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Why Your Next Pair of Adidas Is Going to Cost More

December 9, 2015, 8:59 PM UTC
Retail Operations Inside An Adidas AG Store As Sportswear Maker Forecasts Profit
An employee carries shoe boxes inside an Adidas AG originals store in Berlin, Germany, on Wednesday, March 4, 2015. Adidas predicted profit growth for this year that matched analysts' predictions for the struggling German sportswear maker as it pours money into catching up to larger rival Nike Inc. in America. Photographer: Krisztian Bocsi/Bloomberg
Photograph by Krisztian Bocsi–Getty Images

Adidas expects a big jump in the cost of sourcing products over the next five years due to rising labor and material costs, but should be able to compensate by lifting prices, cutting its range, and shifting production from China.

The German sportswear maker said higher input costs and currency effects would push down its gross margin by 50-100 basis points in 2016, although it reiterated that its operating margin should stay stable as it cuts operating expenses as a percentage of sales.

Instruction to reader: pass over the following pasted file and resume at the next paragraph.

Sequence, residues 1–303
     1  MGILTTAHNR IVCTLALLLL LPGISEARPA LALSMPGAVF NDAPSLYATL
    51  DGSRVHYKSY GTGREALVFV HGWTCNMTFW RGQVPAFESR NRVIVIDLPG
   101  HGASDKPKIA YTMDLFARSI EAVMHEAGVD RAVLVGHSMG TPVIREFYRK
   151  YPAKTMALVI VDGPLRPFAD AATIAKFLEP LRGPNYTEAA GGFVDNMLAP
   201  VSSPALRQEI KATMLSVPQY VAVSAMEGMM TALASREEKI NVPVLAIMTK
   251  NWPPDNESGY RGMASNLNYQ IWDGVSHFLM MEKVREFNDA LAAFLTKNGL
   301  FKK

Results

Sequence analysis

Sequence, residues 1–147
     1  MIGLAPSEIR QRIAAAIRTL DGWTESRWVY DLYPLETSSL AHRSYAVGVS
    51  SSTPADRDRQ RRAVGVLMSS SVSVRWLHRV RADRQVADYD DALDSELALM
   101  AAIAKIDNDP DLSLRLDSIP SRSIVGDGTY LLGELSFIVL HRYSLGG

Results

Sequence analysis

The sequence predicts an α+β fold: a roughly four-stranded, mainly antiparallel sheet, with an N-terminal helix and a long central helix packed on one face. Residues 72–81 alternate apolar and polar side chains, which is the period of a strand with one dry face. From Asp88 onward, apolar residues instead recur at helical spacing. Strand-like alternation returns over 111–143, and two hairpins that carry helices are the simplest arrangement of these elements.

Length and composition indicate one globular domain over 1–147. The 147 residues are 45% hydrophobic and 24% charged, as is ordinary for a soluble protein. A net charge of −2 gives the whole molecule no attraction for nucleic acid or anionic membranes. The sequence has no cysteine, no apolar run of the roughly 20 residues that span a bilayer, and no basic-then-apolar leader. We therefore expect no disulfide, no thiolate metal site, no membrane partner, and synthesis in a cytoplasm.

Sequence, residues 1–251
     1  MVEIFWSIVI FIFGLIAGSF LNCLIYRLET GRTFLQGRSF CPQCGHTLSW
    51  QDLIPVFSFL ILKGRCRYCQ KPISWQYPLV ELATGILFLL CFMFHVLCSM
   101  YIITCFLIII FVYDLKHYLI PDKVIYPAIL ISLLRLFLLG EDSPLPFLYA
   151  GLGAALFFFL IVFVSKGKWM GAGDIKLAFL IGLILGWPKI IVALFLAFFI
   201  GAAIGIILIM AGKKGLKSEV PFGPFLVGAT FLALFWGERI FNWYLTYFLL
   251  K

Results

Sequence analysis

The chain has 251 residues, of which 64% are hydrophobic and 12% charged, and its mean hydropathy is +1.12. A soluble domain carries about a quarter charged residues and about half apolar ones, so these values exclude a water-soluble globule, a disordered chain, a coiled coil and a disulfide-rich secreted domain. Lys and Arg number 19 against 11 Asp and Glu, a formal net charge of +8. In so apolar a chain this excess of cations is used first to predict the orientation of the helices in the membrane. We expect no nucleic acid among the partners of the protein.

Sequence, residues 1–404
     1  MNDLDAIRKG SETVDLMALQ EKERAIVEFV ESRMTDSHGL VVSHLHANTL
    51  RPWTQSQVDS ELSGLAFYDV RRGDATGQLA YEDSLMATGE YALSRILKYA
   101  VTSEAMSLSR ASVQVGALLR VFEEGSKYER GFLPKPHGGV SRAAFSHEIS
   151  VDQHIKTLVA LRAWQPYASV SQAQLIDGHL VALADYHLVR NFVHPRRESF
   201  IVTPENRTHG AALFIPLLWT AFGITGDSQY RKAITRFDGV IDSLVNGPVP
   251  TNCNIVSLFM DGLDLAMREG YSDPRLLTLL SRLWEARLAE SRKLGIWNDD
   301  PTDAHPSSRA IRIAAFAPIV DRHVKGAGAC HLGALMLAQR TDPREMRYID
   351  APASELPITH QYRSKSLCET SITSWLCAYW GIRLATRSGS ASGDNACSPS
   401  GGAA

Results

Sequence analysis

John McNamara, head of global sourcing, told an investor workshop that he expected labor costs to keep rising by 11-15% a year, while the price of materials like cotton and nylon could go up 1-4% a year.

McNamara said that Adidas would cut the amount of clothes and shoes it sources from China, while increasing orders to Indonesia, Vietnam, Cambodia, and Myanmar, with the latter accounting for 4% of Adidas shoe production by 2020.

“We see Myanmar as one of the last great sourcing markets for our type of product,” he said.

Adidas is also setting up a German factory operated largely by robots that will make its first 500 pairs of running shoes early next year to support the bid to cut labor costs and speed up delivery to fashion-conscious consumers.

Adidas relies on more than 1 million workers in contract factories, particularly in countries like China and Vietnam, to make the roughly 600 million pairs of shoes and items of clothing and accessories it sells a year.

Adidas has been trying to compensate for the rising cost of labor and materials by improving the efficiency of supplier factories as well as by cutting about a quarter of its ranges.

As most contracts with Asian suppliers are denominated in U.S. dollars, Adidas has been trying to hedge against the stronger greenback, but cannot completely offset the impact on the gross margin in 2016.

To help compensate, it plans “significant” price rises in several regions, but will not rein in marketing spending, which it has hiked to 13-14% of sales as it tries to reverse a loss of market share to bigger rival Nike (NKE).